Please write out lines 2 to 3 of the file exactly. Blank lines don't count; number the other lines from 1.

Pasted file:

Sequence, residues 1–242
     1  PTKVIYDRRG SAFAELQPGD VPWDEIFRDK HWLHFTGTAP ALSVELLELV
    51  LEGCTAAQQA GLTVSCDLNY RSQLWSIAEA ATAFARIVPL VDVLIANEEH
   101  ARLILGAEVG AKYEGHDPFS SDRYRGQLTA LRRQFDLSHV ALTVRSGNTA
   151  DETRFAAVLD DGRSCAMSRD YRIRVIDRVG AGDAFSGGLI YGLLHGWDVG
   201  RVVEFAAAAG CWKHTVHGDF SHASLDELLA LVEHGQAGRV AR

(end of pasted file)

     1  PTKVIYDRRG SAFAELQPGD VPWDEIFRDK HWLHFTGTAP ALSVELLELV
    51  LEGCTAAQQA GLTVSCDLNY RSQLWSIAEA ATAFARIVPL VDVLIANEEH